We use necessary cookies that allow our site to work. We also set optional cookies that help us improve our website.
For more information about the types of cookies we use, and to manage your preferences, visit our Cookies policy here.

Moving on Up Collective Impact Partnerships: Final Evaluation

Started in 2014, Moving on Up (MoU) is an innovative programme of work that aims to improve employment outcomes for young Black men aged 16-24 in London. This target group experiences very high levels of unemployment and underemployment.

One strand of MoU included trialling a new and ambitious approach to improving employment outcomes for young Black men. Two collective impact partnerships (CIPs) were set up, one in each of the London boroughs of Brent and Newham. From early 2020 to the end of 2023, the CIPs tested whether organisations could be more effective in solving complex social problems by taking a collective impact approach: working together to a common agenda.

This evaluation report looks at the effectiveness of this collective impact approach, asks if it is a more effective approach than 'business as usual' delivery, and considers what wider changes the programme has contributed to.

Key findings

  • Involvement and engagement: Each collective impact partnership had five core charity partners working with local authorities and Jobcentre Plus. Sustaining engagement was challenging, with staff turnover affecting engagement and some partners not wanting to focus on solely one target group.
  • Backbone organisations and leadership: Local councils served as backbone organisations, but the role was narrower than planned due to funding limitations. The focus on process and learning as well as outcome targets, combined with collective reporting against targets, was welcome. Some partners were concerned that the non-hierarchical nature of the CIPs meant that underperformance was not well dealt with.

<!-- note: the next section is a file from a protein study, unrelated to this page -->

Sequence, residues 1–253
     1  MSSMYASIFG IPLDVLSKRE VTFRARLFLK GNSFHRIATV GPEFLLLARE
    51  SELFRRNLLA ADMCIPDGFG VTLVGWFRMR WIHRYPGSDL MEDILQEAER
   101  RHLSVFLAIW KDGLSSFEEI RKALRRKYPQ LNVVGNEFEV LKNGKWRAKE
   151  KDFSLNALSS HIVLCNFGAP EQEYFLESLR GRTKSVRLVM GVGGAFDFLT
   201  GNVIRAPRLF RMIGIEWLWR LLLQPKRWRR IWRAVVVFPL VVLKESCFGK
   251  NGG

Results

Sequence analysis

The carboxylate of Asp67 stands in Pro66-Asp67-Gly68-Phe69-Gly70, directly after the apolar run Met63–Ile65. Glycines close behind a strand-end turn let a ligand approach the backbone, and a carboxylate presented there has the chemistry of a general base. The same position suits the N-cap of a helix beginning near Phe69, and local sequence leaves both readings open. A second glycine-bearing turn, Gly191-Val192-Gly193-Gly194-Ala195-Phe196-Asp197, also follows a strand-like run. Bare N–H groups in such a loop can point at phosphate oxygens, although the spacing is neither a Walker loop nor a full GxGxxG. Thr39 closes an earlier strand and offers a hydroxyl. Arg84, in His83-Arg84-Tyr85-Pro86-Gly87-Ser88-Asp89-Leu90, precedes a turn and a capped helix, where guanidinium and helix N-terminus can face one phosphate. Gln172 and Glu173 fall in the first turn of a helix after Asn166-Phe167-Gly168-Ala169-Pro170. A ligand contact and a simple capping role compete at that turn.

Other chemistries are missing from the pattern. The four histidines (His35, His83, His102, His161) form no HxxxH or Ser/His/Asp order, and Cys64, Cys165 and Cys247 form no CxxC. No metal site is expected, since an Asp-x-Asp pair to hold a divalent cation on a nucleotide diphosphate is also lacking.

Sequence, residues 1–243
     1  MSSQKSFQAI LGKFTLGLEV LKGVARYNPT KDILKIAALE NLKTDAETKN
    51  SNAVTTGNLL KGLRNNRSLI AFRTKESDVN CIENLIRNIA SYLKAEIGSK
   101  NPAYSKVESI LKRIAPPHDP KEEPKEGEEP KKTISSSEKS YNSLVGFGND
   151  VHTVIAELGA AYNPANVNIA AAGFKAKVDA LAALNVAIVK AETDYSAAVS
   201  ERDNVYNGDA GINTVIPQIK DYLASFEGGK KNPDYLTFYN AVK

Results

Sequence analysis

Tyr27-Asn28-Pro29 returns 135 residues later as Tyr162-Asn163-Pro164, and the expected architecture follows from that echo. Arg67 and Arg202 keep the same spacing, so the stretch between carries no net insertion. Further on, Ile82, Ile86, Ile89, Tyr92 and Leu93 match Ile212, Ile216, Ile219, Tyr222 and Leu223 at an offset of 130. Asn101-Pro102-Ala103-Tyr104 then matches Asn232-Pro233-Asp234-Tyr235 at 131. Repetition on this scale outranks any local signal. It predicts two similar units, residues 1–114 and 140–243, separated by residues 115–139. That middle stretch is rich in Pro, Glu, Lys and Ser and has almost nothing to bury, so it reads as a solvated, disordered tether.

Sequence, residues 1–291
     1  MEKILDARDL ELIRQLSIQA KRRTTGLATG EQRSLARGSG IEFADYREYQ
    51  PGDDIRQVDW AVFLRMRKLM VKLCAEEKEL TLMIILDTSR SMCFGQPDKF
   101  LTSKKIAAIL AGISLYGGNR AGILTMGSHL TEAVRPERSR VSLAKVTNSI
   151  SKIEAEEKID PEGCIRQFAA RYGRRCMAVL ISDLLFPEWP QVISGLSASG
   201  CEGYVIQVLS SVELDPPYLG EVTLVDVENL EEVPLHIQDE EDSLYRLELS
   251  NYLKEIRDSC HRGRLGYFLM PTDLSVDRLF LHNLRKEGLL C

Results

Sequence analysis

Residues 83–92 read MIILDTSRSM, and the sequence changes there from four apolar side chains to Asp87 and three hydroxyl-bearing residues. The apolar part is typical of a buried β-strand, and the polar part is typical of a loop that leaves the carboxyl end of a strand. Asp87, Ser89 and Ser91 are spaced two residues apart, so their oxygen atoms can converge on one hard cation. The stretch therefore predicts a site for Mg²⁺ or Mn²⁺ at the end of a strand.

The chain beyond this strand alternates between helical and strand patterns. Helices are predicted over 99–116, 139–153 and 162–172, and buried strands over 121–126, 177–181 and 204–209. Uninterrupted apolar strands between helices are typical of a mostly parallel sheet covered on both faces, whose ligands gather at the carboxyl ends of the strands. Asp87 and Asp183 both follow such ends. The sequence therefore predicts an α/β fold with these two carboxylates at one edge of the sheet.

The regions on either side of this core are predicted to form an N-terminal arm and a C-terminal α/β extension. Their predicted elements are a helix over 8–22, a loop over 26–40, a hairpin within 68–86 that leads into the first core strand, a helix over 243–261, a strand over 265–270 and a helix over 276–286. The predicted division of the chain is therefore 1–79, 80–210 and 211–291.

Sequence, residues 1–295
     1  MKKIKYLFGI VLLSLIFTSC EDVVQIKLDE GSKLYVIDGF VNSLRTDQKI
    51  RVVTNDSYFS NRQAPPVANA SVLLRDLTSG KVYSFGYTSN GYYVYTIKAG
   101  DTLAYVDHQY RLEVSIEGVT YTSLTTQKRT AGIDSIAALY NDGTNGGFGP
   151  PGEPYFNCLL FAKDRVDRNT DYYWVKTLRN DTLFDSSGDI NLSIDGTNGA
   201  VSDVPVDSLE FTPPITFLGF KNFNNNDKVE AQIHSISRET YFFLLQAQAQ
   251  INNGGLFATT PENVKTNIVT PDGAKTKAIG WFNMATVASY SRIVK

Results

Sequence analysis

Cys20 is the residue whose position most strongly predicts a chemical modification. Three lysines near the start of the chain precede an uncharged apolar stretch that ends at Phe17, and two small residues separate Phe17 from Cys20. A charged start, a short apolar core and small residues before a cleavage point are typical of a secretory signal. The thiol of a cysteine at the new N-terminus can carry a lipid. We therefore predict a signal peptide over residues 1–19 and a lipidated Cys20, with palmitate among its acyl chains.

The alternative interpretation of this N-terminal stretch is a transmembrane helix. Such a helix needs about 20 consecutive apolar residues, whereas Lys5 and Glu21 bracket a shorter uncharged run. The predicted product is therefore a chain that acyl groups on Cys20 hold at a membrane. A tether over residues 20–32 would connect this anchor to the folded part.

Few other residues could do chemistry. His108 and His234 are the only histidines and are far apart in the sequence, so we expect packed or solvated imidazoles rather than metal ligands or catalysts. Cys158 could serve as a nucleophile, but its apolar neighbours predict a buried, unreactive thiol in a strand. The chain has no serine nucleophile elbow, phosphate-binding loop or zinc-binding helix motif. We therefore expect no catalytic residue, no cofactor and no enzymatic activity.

• Relationships: Core partners had strong communication and shared learning. Most relationships were strong but not all partners felt equal or included.
  • Shared understanding: There was a strong shared understanding of the goal to improve outcomes for young Black men. There was less clarity on how systems change would be achieved. Shared measurement systems didn't work well, and a lack of detailed terms of reference led to some confusion.
  • Job outcomes: Over four years, the collective impact partnerships engaged with 902 young Black men, of which 302 got jobs. Almost 75% were permanent jobs, and 80% paid at least the London Living Wage.
  • Wider changes: As a result of the project, most partners reported stronger relationships. Some had adopted the idea of 'quality jobs' and made other internal changes, such as recruiting more Black men.


The evaluation sets out some key recommendations for future programmes, based on what worked and what didn't. These include:

  • Create a shared understanding from the start, including terms of reference.
  • Develop a detailed theory of change and from this identify actives and outcomes to measure. Prioritise these to keep it simple.
  • Allow time for the collective impact partnership to develop. It was felt four years was insufficient.
  • Agree from the outset what change looks like and how it will be achieved.

Download the report or executive summary below to read the findings and recommendations in full.

20 June 2024

Moving on Up Collective Impact Partnerships: Final Evaluation

About Moving on Up

Moving on Up (MoU) helps more young Black men in London find work. The programme is jointly funded by Trust for London and City Bridge Trust, and delivered by Action for Race Equality. The Moving on Up programme officially launched in 2015. Until 2017, it focused on helping 250 young Black men find and secure jobs. Since then, it’s moved some of its attention onto employers and what they can do to get more young Black men into work. This has included testing a ‘collective impact approach’ - in other words, how organisations can come together to offer employment support services that meet the needs of young Black men. Find out more about Moving on Up.